This Spider-Man storyline came out during Stan Lee’s original run. You’ll find it in The Amazing Spider-Man issue #50. There is one iconic panel, made by John Romita, of Peter ditching his costume and giving up on being a superhero that is still very powerful today. Peter, feeling undervalued and despised by New York City — the very city he has been trying to protect for so long — has given up. It also introduces the Kingpin of Crime, Wilson Fisk, for the first time. He seizes on Spider-Man’s absence to take control of the majority of the city and becomes a criminal powerhouse. Peter dons the costume again and goes back to his crime-fighting ways after he saves an old man that looks very similar to his uncle Ben. It reminds him of why he fights every day.
If you want a story with very human motivations and inspirations, then this issue is perfect for you.
If This Be My Destiny…
Stan Lee is perhaps comic books’ most influential figure of all time, but his time as a Marvel writer is sometimes overlooked. And that is a shame, especially considering the number of great stories that he wrote. This is particularly true for his The Amazing Spider-Man run, like If This Be My Destiny…, which goes from issue #31 to #33.
This story is mostly known for an iconic panel sequence drawn by legendary artist and Spider-Man co-founder Steve Ditko. In the panels, Peter is trapped below an enormous amount of metal, and he has to push himself to his limits to lift it. And while this is a powerful image and one of the medium’s finest moments, the story as a whole has a lot of great beats and firsts. It includes the first appearance of Doctor Octopus. It also introduces characters that would become vital to Spider-Man’s stories like Gwen Stacy and Harry Osborn. It has a very dramatic plot where Aunt May is infused with some of Peter’s radioactive blood. It puts her in critical condition and Spider-Man has to make a deal with Doc Oc, as he is the only one that can save her.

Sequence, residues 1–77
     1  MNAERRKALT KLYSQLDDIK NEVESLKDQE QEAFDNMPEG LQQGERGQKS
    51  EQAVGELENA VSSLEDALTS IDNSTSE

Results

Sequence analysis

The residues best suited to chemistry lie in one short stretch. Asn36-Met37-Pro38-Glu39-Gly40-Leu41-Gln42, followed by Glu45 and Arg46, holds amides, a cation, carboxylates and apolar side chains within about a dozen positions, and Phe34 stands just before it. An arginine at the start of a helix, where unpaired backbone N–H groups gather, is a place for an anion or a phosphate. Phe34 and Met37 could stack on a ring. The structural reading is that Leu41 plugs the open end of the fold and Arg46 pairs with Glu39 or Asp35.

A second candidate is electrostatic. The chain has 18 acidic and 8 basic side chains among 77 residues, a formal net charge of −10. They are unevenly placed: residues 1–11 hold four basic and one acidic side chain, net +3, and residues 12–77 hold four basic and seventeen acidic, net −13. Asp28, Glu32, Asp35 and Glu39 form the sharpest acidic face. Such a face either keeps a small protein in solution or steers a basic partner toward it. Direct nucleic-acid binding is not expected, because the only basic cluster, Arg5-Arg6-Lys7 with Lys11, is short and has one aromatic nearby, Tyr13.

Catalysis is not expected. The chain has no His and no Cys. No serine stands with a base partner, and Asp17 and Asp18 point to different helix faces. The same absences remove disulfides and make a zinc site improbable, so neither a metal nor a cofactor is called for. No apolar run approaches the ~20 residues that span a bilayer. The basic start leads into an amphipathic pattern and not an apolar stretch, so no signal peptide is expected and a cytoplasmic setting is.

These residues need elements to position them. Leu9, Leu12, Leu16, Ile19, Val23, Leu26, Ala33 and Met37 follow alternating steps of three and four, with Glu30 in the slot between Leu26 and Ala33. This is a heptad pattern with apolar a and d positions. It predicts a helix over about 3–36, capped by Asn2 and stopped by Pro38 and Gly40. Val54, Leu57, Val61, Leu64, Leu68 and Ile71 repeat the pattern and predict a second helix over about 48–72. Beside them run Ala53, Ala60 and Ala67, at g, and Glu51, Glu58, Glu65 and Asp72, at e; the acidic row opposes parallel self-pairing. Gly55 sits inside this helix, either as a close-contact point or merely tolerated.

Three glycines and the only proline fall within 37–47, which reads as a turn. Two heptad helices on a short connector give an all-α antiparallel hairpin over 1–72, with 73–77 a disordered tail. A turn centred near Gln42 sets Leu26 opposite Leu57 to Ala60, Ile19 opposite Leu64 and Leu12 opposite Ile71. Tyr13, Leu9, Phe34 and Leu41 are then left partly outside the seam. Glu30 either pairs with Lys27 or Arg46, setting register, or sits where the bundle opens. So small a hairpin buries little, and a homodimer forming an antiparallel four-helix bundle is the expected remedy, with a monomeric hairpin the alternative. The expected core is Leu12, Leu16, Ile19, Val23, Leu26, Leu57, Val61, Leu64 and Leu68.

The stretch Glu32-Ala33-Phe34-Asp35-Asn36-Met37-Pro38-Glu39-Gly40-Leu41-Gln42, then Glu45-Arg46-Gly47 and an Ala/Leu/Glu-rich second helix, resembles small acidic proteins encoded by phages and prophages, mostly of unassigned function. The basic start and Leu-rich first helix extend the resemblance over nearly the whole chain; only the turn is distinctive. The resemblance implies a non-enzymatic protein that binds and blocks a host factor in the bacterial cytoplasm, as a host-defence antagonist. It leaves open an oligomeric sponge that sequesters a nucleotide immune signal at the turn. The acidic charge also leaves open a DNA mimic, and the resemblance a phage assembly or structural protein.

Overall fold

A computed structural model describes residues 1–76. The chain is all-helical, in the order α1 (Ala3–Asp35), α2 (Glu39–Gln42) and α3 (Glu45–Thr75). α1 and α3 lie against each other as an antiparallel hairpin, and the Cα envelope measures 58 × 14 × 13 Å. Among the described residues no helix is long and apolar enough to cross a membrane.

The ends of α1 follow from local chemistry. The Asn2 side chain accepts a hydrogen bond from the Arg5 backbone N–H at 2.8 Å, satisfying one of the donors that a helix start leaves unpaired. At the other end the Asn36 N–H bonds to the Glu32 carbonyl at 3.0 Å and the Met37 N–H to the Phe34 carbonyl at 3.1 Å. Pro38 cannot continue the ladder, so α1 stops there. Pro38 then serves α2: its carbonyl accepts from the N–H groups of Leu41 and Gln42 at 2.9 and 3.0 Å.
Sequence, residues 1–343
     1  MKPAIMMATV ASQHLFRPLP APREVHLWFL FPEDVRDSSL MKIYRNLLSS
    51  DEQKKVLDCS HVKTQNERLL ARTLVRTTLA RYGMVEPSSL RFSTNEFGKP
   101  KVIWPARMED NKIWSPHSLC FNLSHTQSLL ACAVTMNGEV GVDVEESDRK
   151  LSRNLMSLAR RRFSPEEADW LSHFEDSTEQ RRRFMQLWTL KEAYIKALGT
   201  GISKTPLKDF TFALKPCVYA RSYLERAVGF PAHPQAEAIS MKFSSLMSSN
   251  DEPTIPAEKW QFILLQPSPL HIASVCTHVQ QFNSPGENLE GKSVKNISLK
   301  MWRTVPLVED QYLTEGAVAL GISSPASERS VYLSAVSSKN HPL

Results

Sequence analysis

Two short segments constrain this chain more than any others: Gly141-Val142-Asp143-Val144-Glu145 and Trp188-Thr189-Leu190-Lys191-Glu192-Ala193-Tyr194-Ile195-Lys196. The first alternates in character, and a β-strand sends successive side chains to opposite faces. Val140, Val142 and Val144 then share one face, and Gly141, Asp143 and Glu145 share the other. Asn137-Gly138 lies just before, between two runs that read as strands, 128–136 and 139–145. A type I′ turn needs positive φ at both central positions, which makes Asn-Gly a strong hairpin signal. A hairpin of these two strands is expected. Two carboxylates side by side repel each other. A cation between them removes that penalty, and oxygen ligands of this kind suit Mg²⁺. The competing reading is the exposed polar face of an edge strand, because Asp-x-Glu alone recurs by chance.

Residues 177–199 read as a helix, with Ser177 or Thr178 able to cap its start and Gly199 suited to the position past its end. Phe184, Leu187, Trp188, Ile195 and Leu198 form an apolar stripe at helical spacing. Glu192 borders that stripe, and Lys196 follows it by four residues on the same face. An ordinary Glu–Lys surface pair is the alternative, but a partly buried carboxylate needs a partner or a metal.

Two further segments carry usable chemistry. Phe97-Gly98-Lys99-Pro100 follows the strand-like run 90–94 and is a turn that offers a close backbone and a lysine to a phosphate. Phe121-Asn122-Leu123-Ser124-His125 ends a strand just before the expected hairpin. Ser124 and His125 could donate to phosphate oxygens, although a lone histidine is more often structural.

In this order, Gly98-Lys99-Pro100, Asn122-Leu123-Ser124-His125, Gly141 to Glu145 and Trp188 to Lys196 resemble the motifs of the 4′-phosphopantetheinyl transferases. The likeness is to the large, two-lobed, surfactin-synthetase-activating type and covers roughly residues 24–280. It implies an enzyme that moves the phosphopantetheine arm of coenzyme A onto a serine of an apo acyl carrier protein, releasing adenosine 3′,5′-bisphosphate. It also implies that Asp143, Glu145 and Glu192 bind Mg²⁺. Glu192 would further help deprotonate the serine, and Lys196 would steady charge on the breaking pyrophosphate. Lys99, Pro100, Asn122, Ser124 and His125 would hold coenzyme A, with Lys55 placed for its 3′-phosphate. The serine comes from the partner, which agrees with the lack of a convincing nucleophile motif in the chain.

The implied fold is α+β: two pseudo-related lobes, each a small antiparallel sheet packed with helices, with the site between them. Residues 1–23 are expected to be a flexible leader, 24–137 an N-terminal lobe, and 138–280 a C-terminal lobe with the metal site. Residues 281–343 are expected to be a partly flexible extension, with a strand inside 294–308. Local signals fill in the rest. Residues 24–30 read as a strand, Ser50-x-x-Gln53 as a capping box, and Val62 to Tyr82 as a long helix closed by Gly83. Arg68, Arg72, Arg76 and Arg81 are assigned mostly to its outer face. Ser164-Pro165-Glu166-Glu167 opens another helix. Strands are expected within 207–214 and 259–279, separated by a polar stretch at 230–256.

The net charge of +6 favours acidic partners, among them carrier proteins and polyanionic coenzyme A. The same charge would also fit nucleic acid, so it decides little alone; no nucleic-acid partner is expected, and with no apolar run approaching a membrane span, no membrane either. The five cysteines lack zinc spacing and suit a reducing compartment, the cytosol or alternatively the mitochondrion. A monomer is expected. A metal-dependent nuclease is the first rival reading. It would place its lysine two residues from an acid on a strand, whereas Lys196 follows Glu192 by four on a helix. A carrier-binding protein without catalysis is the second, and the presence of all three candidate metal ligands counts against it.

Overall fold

If This Be My Destiny… is one of the first stories to stretch more than one issue. This has become the norm in comics and it changed the medium. The story still holds up, which is a testament to Lee and Ditko’s talents as artists.
Taking place in J. Michael Straczynski’s The Amazing Spider-Man issue #38, this is a moment that a lot of long-time Spider-Man fans were waiting for. Aunt May finds out that her nephew is a superhero, and they have a heart to heart talk.
Peter had been severely injured after a battle with Morlun in the Coming Home storyline (also worth your time, by the way). May sees him with the suit on after he passed out, resulting in a full issue of them talking about his role as Spider-Man. They discuss their feelings about Uncle Ben’s death and what motivates Peter to keep going as a superhero.
One of the things that makes Spider-Man such a compelling and timeless character is his sense of responsibility towards his loved ones. The Conversation is a prime example of what he stands for as a superhero and as a man.
The Night Gwen Stacy Died
Very few moments can claim to have such a monumental impact on Spider-Man’s life as The Night Gwen Stacy Died. The story spans issues #121 to #122 of The Amazing Spider-Man title.